Last week, I attended a feedlot seminar that focused on summer bunk management, water issues and beef quality. In addition to these topics, I was happily surprised to see that the South Dakota Cooperative Extension Service felt it was important to warn producers about the threat of animal rights activists, specifically the Humane Society of the U.S. (HSUS). While the Extension Service works as an information-gathering base for producers, it's not often they speak out on political issues, but livestock specialist and Extension educator Jim Krantz explained this issue to the attendees at the feedlot meeting. Read on to learn what he had to say.
“HSUS is not a real Humane Society; it’s not associated with pet shelters anywhere,” explained Krantz. “HSUS gives less than one-half of one percent of its $100-million budget to hands-on pet shelters. Yet, $2.5 million of Americans’ donations went to pay HSUS employee pension plans."
Despite the ugly reputation HSUS is slowly earning, 83% of Americans have a favorable view of HSUS, according to HumaneWatch.org, a website working to expose the animal rights organization for its deceitful use of goodwill donations. What's worse, one in four Americans believe animals deserve the same rights as people.
“I think it’s important to distinguish between animal rights and animal welfare,” said Krantz. “Animal welfare, by definition, is the humane treatment of animals, while animal rights is the belief that animals should have the same rights and be treated the same as humans. As beef producers, I think we all agree with the terms of animal welfare, and we work hard to take care of our animals. It’s imperative, as cattle producers, to be aware of organizations like HSUS, who are working to put us out of business. We all have our jobs to do, but we can’t ignore this big issue."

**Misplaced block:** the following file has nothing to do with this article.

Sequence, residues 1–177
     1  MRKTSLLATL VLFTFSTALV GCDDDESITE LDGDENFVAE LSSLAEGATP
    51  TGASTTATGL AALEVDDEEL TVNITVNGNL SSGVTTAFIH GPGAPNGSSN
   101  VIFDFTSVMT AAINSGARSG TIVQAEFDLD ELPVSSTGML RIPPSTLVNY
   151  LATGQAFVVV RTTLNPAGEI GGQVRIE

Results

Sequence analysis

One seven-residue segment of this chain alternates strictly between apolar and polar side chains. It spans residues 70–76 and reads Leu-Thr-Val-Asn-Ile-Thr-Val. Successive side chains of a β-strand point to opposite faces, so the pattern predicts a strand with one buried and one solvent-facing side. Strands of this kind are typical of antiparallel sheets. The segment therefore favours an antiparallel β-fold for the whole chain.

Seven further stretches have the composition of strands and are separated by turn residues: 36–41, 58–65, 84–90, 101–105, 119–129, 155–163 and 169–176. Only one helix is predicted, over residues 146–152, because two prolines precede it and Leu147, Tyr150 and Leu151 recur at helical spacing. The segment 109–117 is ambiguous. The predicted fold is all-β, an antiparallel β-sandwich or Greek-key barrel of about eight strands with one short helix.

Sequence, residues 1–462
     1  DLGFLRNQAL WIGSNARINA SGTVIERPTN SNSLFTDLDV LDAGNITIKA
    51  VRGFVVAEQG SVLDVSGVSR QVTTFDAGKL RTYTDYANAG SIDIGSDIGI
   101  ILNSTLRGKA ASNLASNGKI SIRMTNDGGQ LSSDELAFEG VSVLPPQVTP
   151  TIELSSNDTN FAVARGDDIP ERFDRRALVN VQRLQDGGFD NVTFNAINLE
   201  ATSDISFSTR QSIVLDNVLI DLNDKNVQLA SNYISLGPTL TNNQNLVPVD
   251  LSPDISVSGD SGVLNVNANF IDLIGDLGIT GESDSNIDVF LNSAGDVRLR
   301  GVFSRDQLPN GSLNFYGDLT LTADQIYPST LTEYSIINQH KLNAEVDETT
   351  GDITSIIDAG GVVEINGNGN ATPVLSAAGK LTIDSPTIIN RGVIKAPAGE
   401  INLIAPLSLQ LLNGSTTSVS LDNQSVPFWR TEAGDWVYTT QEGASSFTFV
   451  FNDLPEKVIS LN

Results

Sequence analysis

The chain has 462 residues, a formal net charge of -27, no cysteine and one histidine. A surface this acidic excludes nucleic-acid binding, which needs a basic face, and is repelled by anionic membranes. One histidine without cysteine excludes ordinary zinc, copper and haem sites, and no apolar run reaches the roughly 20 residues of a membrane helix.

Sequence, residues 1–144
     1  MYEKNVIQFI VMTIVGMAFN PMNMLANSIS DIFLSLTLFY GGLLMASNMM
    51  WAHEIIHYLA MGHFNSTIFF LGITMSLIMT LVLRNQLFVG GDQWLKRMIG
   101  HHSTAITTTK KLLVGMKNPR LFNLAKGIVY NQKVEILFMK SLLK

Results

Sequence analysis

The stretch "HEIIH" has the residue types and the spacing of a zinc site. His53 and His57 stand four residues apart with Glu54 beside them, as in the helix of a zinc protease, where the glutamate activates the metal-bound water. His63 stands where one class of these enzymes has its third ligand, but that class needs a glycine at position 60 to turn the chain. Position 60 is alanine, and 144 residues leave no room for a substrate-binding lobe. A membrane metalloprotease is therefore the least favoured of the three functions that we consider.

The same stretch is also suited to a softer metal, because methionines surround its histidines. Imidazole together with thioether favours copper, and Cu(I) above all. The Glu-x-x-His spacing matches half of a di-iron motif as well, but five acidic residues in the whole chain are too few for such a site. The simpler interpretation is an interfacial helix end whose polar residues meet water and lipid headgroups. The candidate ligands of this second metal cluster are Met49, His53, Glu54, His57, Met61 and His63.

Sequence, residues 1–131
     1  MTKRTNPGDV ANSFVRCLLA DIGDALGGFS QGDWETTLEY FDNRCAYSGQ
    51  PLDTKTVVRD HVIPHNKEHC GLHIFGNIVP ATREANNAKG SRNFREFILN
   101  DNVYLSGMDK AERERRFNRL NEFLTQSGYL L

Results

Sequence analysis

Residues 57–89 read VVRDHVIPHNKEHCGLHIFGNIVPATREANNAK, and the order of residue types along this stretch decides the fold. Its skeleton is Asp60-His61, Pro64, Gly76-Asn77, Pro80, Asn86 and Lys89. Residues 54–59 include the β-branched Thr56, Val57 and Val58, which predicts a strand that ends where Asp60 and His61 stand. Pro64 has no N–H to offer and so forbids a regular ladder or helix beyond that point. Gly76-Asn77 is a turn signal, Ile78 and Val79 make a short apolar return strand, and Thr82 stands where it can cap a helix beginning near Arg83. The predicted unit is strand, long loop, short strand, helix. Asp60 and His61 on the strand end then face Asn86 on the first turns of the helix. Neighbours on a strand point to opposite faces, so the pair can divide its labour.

If animal rights groups were to focus on specific animal-handling practices on farms and ranches, Krantz asked attendees whiche management practices they might approach differently. Euthanasia, dehorning and castration were the top three handling practices producers mentioned. Others were mud, housing and disposal, but many producers said they wouldn't change anything.
It's no longer a secret to us that HSUS is a well-oiled machine working to put us out of business, and I was definitely impressed that our Extension educators are spreading the word at the beef meetings they conduct on a regular basis. However, they did bring up another interesting point I would like to discuss today -- what might you do differently on your operation if an outside group was looking in? Are you comfortable with all your practices, or would you take a closer look at your dehorning and castrating practices? Let's debate this topic today. You know the drill: leave your thoughts in the comments section below. Thanks for your participation!